I find it fascinating that in just one week’s time, I have become one of the targets of those that oppose any regulation on guns, gun safety, and gun ownership in America. I am actually ok with all that — the statement I drafted that was signed by over 300 other college and university presidents is hardly a radical manifesto. In short, all we are asking for is that before private citizens can acquire a gun, that they go through some reasonable background check, that some rational limits be placed on what kinds of guns can be acquired, and that we be allowed to keep these deadly weapons off our campuses. I think we all find it hard to believe that people could take major issue with any of this, but we certainly know that’s the case. The NRA response, though, is just mind-boggling to me. In the 62 mass murder cases over 30 years examined by Mother Jones magazine, not one was stopped by an armed civilian. There was a sheriff’s deputy at Columbine who fired (and missed) four shots while 11 of the 13 victims were still alive. In August, NYC police officers opened fire on a gunman outside the Empire State Building and wounded nine bystanders. Then we have our self-anointed guardians in Florida who shoot unarmed youth because they felt “threatened”. And by the way, when was the last time you saw an armed security guard in your branch bank, as LaPierre claimed in his speech on Friday?
The simple truth, as expressed by columnist Charles Blow this morning in the New York Times, is that more guns equals more deaths. States with low gun ownership rates and reasonable regulations have lower deaths from guns. That, of course, is also true of nations. And from 2009 to 2012, states led by many of the same folks now pushing the more gun solution have cut public mental health services by over four billion dollars. I suppose they will now argue those funds out to be restored and re-directed to the NRA-backed “cop in every school” program. Brilliant.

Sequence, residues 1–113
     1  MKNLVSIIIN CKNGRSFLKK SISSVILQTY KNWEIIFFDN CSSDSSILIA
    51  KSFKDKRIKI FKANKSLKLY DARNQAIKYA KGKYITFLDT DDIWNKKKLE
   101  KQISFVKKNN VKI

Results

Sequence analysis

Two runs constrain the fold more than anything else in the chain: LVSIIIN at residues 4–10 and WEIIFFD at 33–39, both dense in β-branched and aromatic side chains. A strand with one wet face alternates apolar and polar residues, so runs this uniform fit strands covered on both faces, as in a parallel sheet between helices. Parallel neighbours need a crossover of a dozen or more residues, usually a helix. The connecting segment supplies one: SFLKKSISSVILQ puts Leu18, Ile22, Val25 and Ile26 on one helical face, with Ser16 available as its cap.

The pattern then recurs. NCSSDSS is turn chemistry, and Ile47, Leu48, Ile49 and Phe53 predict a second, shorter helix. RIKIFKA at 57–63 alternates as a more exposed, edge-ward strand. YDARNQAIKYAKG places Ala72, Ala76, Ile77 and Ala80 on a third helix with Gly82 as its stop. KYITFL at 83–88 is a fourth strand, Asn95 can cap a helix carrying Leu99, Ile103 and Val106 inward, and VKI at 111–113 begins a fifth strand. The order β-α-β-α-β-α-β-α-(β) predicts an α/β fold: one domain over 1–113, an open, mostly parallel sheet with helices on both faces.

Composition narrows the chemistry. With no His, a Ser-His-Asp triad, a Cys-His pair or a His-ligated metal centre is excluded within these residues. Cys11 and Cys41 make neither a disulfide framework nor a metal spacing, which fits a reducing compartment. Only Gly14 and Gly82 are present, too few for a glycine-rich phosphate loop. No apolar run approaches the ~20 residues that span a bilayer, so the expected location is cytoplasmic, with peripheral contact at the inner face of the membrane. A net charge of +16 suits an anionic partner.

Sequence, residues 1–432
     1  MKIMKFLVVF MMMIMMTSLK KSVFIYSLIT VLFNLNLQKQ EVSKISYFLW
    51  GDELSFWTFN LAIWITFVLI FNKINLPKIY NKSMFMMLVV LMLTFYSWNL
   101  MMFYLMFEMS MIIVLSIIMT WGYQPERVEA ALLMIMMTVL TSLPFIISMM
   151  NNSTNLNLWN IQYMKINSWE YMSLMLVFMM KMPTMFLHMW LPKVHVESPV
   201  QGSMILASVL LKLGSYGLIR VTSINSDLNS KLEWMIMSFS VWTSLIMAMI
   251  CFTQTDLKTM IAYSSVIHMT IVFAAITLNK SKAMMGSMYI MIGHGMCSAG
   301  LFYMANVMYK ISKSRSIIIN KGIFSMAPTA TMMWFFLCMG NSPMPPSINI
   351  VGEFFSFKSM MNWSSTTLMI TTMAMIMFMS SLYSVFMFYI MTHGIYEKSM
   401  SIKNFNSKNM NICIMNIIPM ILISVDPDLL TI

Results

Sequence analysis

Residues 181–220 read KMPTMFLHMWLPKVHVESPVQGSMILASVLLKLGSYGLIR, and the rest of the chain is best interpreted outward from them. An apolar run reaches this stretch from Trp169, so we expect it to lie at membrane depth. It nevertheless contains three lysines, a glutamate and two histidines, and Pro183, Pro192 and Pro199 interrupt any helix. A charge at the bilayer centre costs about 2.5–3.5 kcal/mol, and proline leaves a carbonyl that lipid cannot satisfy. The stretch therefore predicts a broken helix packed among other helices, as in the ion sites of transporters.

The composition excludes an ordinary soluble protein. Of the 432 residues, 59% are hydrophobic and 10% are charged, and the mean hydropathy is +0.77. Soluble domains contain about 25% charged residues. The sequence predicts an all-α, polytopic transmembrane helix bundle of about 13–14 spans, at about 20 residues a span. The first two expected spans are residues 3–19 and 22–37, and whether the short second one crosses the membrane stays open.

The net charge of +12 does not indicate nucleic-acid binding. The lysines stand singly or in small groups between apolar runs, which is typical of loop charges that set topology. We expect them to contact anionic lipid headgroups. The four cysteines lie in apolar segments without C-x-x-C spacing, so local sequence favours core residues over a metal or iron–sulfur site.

Before last week, one could certainly have counted me on the pro-regulation side of the gun debate, but this issue of public policy was probably not among the ones on which I felt most passionate. It still probably isn’t, although it certainly has ascended. Most of what I have written about before addresses less glitzy things like the millions of American children living in poverty today, or the millions of young men locked up in prison for drug-related offenses at great cost to all of us, or the millions of students enrolled in failed schools. There is no outrage there. None at all. I just hope that the outrage almost of us feel right now on the gun safety issue ends up mattering.
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